by Jill O’Donnell IRIS Consulting for Seniors
When growing up we were convinced that our parents knew absolutely everything. They had ready answers to our never ending questions and were very patient in their responses making certain we understood what they told us. As we grew older and our world became larger, we learned that other people could also answer many of our questions and concerns. Of course, in our teens, we were certain we knew everything and our parents knew nothing.
I remember Laura Legge, the first woman treasurer of the Law Society of Upper Canada, tell me about how much knowledge she gained as she aged. Laura told me when her son was first in law school, he told her she knew absolutely nothing about law. However, once he started articling with her, he was known to tell a client he had to confer with his mother who knew everything about law. This is the way we all treat our parents. Once we become adults ourselves, we recognize the value they are to us.
Because we hold our parents in awe, it is often difficult to acknowledge possible signs of decline as they age. Sometimes when their cognitive powers are in question, we find it almost impossible to deal with the complex issues surrounding our loved ones. Just talking to them about these concerns can be a really big issue.
How often do you spend time with your parents but do not feel you have really communicated anything? You visit your parents and ask how things are going.
Dad says he can’t fish anymore because it’s too hard on his knees. Mom says she stopped playing Mah Jong with her friends because Sadie cheats. You suggest they might want to join up with a senior’s club and they both tell you that is for old people. Frustrated at the visible changes occurring in your parents, you change the topic of conversation and nothing gets resolved.
Perhaps mother has visual losses she is not accepting and by blaming others, she is in denial of such frailties. Joint replacements today can be a major boon to arthritic knees and hips, however, a person must admit the need and then accept the procedure.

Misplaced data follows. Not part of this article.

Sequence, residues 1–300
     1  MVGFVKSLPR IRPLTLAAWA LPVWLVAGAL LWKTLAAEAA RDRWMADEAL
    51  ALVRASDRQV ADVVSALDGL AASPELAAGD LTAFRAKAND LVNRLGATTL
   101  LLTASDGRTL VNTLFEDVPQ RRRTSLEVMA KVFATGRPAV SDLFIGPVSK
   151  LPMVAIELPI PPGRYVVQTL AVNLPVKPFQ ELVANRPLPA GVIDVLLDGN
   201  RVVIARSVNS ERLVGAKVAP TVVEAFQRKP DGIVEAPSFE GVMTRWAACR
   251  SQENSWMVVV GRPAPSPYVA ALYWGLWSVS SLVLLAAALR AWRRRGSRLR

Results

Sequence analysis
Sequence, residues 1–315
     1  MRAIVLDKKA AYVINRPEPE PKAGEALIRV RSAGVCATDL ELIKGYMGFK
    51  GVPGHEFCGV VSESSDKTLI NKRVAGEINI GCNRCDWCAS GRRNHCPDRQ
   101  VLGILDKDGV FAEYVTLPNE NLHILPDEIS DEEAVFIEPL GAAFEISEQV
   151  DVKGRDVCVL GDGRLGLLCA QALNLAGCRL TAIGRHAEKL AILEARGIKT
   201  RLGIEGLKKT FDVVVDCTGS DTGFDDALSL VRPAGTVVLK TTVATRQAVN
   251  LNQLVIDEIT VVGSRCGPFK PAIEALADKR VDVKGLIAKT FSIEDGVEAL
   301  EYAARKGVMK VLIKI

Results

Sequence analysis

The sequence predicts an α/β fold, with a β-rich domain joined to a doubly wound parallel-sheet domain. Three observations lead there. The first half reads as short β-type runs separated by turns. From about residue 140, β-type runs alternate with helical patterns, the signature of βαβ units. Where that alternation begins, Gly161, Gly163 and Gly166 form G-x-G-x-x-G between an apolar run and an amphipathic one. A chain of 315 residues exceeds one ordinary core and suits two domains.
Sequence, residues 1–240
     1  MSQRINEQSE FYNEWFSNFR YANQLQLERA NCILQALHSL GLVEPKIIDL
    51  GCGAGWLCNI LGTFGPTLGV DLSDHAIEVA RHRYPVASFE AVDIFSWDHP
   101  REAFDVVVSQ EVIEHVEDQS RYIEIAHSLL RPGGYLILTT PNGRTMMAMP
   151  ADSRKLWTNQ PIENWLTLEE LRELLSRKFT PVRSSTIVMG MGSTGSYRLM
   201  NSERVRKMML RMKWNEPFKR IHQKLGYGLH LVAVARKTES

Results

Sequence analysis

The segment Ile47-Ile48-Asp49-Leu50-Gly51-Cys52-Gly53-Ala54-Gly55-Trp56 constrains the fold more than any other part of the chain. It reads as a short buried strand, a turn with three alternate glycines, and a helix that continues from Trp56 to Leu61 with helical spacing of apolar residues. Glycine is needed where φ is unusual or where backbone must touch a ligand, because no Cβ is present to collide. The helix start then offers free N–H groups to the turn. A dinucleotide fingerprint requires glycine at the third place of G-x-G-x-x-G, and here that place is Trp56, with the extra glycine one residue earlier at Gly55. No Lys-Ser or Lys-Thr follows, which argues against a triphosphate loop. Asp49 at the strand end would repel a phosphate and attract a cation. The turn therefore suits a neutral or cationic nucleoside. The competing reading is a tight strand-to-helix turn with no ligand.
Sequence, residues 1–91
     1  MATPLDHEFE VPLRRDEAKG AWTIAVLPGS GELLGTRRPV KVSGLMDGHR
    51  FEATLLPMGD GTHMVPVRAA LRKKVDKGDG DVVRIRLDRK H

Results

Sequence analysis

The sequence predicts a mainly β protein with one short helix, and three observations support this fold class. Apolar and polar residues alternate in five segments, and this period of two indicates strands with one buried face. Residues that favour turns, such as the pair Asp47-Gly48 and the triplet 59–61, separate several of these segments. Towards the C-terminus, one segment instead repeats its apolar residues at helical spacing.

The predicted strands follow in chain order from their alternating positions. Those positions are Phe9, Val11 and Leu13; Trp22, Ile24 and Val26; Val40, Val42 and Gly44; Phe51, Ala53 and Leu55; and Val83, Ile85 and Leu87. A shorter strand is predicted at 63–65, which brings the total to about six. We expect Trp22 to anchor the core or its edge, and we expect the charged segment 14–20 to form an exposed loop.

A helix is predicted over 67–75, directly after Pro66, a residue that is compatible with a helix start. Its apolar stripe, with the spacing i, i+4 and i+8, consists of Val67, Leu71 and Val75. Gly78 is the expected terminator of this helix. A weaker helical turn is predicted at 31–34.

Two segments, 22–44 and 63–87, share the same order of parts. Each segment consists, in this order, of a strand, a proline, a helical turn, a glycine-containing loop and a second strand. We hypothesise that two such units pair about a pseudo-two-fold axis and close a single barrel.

You know there are medical problems to consider but again, your parents will merely say, “we’re fine” and hope you will forget about them and any of their concerns.
Money issues are the biggest hurdles to cross. Our parents are not accustomed to talking to anyone, least of all their children about their finances. Children are reluctant to even broach the topic. Parents perceived as “doing well financially” may not be doing so at all. They just don’t want to burden their children with their financial concerns. If you are able to make any kind of progress in learning about their finances, you may hear they say, “Oh dear, don’t worry about us, we’ll manage”.
Then there are parents who are “saving for a rainy day” but the rainy day is here. They have adequate funds to give them the quality of life they have always lived even if they require assistance with housekeeping or care giving. You may have to convince them to spend their “nest egg” now. Others fall between these two scenarios. Communicating these needs to adult children is the only way to solve the issues surrounding aging parents. So, how do you learn to communicate with your parents? START SLOWLY.
- Pick a place and time where you will not be disturbed or interrupted.
It is best to start with something that isn’t too threatening such as health. Gathering important facts such as medications they are presently taking, their family doctor, dentist, pharmacist as well as Insurance and OHIP numbers.